Back in the 90s the idea of a massive software product launch wasn't a thing. Heck, I remember going into gas station convenience stores with my mom and seeing shareware floppy disks by the register for a dollar or two so the idea that new software could be a big deal seemed a little silly to me at the time... but boy was I wrong. Not only was the hype train real, I'm pretty sure Bill Gates bought the whole thing and the tracks to boot.
Getting Noticed by the Normies
The most famous part of this marketing strategy was, of course, the Start Me Up campaign. Microsoft dropped $3,000,000 USD for the rights to the Rolling Stones song of the same title and it would be the backbone of the push. The commercial, from a marketing perspective was really quite brilliant. It had all of the things to appeal to the average consumer of the time. It featured men and women, boys and girls, kids and adults of all different races and nationalities using their computers to write documents, browse the early internet, watch videos, check email, design graphics and flyers at home, on a train, in the office, and even in an internet cafe (remember those?). There was no talking. The ad did a great job at showing what Windows 95 could do instead of just telling us about it. With Windows 95 being a consumer-oriented system it was fun and high energy, and most importantly it got regular people's attention.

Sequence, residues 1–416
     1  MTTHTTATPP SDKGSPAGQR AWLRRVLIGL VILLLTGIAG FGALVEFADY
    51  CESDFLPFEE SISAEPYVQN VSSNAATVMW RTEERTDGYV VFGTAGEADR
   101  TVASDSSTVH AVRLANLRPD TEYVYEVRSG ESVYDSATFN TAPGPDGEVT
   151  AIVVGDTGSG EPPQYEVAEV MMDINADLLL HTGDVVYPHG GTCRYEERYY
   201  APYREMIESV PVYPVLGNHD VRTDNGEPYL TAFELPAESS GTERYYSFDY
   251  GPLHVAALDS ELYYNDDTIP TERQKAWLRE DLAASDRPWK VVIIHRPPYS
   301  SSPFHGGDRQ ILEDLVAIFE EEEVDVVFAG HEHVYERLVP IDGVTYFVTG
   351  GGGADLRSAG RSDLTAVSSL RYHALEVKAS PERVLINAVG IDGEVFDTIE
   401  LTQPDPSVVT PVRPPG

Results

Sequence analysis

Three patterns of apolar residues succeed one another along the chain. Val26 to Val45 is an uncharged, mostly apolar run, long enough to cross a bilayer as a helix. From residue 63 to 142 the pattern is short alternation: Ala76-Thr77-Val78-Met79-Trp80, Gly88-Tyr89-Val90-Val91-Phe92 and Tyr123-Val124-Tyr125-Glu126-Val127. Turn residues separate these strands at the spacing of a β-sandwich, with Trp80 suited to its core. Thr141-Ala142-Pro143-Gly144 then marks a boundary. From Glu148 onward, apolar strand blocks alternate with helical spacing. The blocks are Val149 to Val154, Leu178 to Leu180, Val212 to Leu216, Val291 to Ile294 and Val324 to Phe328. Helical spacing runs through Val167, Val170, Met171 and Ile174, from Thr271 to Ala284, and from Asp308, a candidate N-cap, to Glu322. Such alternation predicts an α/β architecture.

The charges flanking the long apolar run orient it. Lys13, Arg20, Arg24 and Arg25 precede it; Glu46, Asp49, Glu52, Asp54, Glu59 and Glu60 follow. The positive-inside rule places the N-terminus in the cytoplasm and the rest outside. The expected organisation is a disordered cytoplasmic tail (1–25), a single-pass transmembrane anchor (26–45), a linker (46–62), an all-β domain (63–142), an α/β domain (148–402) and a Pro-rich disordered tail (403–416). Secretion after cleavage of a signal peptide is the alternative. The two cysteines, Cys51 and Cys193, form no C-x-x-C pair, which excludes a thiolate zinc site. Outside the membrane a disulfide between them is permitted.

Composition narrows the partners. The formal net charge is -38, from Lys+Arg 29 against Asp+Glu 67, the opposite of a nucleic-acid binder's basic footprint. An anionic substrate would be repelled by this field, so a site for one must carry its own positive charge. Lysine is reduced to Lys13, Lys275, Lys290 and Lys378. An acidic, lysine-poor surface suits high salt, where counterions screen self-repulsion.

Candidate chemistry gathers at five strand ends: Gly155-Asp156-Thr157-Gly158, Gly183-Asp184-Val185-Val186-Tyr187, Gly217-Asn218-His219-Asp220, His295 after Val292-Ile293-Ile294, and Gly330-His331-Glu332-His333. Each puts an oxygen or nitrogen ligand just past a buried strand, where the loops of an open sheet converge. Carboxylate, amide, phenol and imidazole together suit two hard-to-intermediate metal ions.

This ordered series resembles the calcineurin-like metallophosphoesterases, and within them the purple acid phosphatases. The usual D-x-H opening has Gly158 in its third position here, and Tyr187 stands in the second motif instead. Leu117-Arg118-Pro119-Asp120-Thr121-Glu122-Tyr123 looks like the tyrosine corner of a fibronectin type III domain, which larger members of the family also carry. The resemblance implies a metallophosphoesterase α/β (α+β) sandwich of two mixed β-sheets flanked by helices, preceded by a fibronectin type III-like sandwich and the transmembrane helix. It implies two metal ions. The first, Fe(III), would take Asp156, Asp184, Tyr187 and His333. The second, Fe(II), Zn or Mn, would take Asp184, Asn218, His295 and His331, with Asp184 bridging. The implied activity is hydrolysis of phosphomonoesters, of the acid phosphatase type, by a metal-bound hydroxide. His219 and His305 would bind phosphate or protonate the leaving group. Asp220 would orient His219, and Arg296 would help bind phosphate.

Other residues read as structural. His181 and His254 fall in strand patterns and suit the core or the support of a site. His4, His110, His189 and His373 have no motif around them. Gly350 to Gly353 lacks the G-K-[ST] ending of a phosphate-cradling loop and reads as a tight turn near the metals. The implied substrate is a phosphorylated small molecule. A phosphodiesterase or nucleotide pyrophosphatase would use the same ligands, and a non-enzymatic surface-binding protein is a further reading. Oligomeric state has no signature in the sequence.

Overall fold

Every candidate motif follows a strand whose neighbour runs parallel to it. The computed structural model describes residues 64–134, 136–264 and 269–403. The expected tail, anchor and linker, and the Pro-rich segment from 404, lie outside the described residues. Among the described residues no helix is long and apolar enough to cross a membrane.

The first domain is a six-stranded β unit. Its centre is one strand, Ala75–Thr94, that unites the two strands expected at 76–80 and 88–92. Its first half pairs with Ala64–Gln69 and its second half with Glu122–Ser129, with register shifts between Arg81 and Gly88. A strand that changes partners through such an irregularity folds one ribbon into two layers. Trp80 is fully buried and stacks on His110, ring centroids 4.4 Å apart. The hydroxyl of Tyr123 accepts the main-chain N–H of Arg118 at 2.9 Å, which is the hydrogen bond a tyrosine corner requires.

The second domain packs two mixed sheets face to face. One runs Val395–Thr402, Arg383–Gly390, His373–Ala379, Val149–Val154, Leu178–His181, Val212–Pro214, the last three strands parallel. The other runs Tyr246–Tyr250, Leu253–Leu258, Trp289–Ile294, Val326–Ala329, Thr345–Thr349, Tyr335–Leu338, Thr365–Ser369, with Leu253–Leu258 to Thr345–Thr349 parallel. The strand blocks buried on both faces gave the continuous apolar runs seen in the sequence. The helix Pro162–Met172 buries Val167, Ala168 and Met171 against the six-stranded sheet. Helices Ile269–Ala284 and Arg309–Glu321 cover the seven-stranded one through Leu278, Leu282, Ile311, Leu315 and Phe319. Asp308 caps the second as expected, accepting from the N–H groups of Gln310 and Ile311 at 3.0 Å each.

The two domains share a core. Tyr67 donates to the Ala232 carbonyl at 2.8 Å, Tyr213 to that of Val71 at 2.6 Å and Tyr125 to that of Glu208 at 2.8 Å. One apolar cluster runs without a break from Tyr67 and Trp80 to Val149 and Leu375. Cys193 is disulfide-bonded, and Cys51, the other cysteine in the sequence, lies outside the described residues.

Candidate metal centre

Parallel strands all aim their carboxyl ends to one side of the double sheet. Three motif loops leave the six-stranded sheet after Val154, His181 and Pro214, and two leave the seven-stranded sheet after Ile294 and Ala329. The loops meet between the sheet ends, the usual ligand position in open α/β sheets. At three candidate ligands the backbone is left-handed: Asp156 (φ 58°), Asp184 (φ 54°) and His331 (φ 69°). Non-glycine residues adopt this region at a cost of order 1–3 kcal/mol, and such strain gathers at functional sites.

Harnessing the Power of Pop Culture
One thing that really stands out to me is the way Microsoft harnessed the star power of celebrities to garner mainstream attention and excitement. In many ways it reminds me of what Vince McMahon did with Wrestlemania in the 80s by bringing in household names like Muhammad Ali, Mr. T, Liberace, Cyndi Lauper, and more to add some gravitas to the event. Microsoft pulled the same maneuver by hiring late night star Jay Leno to host the launch event and Friends stars Jennifer Aniston and Matthew Perry to perform in their Windows 95 Video Guide.
Again, for the younger readers, you need to understand just how big Friends and The Tonight Show really were at this point. Friends was arguably the second biggest show at this time, just behind Seinfeld and The Tonight Show was arguable the most popular late night show on television. Microsoft effectively marketed and launched their new operating system software with three of the biggest names in entertainment at the time which, I’m sure, was not cheap.
Making Windows Accessible
Now, of course, it took more than a well-put-together TV ad to get people excited for Windows. There were public betas, and training classes for learning the system. Shows like The Computer Chronicles followed the development progress and gave people an inside look at what was to come. Many different magazines, both computer related and not, were talking about the upcoming release and the many new features to come. Notice I said nothing about the internet, because that hadn’t fully caught on yet